Cyprus is a jurisdiction where a substantial number of businesses from all over the world maintain their assets. As such, it is a place that often becomes relevant when a party succeeds in an arbitration and subsequently seeks to enforce the arbitration award. It not however unusual that the assets are disposed of before they are discovered by the successful party.

The judgment issued in Lakis Georgiou Construction Ltd v. DI.MA.RO. Ltd (‘Lakis Georgiou’), 1 on 28 September 2018, demonstrates that measures are available to successful parties to annul their debtors’ disposal of assets for the purpose of enforcing judgments or arbitration awards. Though this particular case concerned real property, the same principles apply to assets of any kind, including bank deposits and securities.

Background of the case

A contractor succeeded in an arbitration against a hotel owner in relation to a hotel construction contract. The arbitration was rather straightforward, and related to a disagreement over the final account of the project. After extensive delays, the arbitration was concluded, resulting in an award of compensation, interest and costs in favour of the contractor.

The debtor (the hotel owner) applied to set aside the award. All grounds raised by the debtor in its application were dismissed by the first instance Court, except with respect to the interest rate in the award. The first instance Court found that the interest rate applied by the arbitrator was not justified in the circumstances, and reduced it to the default interest rate applicable to Court judgment.2 The first instance decision was approved by the Supreme Court.3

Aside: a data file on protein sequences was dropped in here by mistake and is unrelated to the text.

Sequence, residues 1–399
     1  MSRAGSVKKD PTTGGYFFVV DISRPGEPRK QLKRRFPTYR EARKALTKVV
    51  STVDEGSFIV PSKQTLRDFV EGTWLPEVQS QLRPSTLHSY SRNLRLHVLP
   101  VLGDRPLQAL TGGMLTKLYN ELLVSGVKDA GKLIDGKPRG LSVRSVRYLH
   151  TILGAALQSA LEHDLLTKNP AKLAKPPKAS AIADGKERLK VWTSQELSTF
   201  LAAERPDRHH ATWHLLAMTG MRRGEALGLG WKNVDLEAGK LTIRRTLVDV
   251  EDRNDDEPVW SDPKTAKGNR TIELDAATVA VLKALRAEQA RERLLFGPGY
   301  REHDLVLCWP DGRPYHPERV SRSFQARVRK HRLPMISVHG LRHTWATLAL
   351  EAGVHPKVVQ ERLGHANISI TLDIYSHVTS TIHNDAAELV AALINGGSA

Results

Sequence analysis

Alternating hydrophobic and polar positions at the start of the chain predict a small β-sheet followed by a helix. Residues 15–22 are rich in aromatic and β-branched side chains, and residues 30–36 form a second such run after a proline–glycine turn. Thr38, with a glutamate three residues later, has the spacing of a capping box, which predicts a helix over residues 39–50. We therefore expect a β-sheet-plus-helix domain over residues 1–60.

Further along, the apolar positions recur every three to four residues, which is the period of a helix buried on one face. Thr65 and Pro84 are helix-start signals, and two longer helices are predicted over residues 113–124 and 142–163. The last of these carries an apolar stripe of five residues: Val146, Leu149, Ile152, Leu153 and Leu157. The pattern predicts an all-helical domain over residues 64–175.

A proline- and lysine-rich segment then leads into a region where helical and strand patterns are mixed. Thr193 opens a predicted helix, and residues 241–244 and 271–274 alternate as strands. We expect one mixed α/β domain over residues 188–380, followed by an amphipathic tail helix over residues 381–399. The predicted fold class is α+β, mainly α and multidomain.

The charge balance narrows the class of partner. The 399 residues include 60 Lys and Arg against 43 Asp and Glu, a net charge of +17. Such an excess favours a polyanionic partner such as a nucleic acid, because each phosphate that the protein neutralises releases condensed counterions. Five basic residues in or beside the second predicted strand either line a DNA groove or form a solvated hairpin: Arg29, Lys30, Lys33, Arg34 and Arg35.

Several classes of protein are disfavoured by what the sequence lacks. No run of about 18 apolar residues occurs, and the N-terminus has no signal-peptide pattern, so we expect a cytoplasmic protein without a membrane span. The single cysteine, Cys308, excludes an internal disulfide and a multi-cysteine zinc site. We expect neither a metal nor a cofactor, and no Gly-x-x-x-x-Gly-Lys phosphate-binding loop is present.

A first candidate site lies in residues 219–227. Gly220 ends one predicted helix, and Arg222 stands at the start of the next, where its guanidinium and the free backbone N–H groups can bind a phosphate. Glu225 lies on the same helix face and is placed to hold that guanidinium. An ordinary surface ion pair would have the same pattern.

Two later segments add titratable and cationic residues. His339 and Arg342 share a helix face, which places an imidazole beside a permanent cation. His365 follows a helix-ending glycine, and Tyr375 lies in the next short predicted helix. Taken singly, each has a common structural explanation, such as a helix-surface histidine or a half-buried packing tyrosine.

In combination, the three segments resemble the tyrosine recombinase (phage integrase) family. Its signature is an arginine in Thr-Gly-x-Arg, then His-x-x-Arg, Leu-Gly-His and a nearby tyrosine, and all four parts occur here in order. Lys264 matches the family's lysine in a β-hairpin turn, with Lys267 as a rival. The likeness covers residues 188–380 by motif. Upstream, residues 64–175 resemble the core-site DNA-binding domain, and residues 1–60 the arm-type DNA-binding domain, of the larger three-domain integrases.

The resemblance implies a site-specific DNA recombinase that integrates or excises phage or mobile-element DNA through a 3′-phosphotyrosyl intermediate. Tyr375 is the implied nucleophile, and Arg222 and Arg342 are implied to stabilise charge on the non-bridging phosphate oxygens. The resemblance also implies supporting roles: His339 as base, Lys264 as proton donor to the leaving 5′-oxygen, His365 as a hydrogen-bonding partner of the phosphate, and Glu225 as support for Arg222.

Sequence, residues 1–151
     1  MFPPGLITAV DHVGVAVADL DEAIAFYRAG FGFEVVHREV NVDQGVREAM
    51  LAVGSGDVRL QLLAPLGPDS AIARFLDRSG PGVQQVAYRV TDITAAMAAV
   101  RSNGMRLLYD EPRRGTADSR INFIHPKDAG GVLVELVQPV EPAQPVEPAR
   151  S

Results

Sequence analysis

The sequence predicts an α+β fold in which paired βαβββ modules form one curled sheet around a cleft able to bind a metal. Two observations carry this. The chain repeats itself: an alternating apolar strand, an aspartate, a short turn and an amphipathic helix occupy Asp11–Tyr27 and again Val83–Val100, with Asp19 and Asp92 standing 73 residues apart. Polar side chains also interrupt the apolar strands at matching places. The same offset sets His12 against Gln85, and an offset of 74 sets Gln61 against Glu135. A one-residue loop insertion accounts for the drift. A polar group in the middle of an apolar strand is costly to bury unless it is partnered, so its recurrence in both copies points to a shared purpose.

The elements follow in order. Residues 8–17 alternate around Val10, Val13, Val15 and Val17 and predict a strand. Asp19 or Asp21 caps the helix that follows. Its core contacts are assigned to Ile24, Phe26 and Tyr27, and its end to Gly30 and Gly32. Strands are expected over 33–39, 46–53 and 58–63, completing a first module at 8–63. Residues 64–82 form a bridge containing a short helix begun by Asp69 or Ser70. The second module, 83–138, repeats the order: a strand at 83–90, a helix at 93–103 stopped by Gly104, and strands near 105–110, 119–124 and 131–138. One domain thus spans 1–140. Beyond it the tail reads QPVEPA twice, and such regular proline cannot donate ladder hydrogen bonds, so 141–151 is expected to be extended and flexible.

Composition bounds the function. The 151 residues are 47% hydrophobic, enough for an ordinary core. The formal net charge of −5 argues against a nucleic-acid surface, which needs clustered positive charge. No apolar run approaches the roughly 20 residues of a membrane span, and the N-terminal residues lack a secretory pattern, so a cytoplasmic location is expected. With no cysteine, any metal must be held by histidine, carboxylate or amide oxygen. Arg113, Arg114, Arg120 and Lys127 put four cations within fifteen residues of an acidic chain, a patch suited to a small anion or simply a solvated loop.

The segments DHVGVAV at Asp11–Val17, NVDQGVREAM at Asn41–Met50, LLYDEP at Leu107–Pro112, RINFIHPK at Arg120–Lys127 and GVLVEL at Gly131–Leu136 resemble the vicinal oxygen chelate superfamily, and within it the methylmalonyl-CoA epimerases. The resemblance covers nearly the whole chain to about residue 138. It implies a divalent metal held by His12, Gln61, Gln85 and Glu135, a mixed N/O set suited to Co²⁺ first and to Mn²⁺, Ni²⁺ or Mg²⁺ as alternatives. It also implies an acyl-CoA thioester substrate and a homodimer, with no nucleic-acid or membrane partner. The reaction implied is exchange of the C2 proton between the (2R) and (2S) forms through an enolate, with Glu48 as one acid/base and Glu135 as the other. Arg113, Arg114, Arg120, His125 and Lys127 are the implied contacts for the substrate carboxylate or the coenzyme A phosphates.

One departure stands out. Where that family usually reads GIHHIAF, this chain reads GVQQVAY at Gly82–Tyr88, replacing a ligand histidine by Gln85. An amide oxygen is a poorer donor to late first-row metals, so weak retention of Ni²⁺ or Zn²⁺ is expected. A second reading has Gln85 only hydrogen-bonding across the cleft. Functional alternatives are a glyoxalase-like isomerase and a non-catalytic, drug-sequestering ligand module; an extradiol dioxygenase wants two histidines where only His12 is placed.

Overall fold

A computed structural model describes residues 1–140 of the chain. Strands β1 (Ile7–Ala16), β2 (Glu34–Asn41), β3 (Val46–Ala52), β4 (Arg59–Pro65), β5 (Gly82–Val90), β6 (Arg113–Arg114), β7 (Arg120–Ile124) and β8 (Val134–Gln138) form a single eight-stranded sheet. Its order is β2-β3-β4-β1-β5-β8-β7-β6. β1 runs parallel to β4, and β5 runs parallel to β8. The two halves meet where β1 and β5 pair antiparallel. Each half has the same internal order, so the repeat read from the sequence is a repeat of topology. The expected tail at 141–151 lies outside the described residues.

In turn, the creditor successfully applied for the recognition of the award.4 However, the first instance Court stayed the execution of the award pending the debtor’s appeal against the dismissal of the setting-aside application.

Pending the debtor’s appeal, the debtor, transferred the hotel property title to its three directors (and only shareholders). The creditor was therefore left with an award against a company in liquidation and with not assets whatsoever. The creditor’s attempt to enforce the award had thus far failed.

The creditor filed an inquiry with the local land registry seeking information about the transfer of hotel property title. The information provided disclosed that the transfer had been made as a gift – apparently for tax reasons – from the company to its directors, and that it had taken place after the award was issued.

On this basis, the creditor invoked the provisions of articles 91(A) and 91(C) of the Civil Procedure Law,5 and asked a first instance Court to i) annul the transfer, ii) register the title in the name of the debtor again, and iii) attach the hotel to satisfy the judgment debt.

Shortly after filing this application, the creditor also applied successfully for an interim injunction prohibiting any further transfer of title to the hotel. As a result, the directors of the judgment debtor were unable to transfer the hotel, until the main application was finally decided.


According to article 91(A) and 91(C) of the Civil Procedure Law, a court may set aside any disposal of an asset by a judgment debtor, if it was made with the intent of defrauding creditors. Under article 91(A)(2) of the Civil Procedure Law, any disposal is presumed to be fraudulent. Thus, the onus is on the debtor to prove that there was no such intention. Otherwise the disposal may be annulled by the court.

The debtor put forward various and contradictory explanations for the disposal of the asset. The first instance court rejected them and held that the available evidence did not suffice to rebut the presumption against the debtor. On this basis, the court granted the application and issued all three orders applied for by the creditor.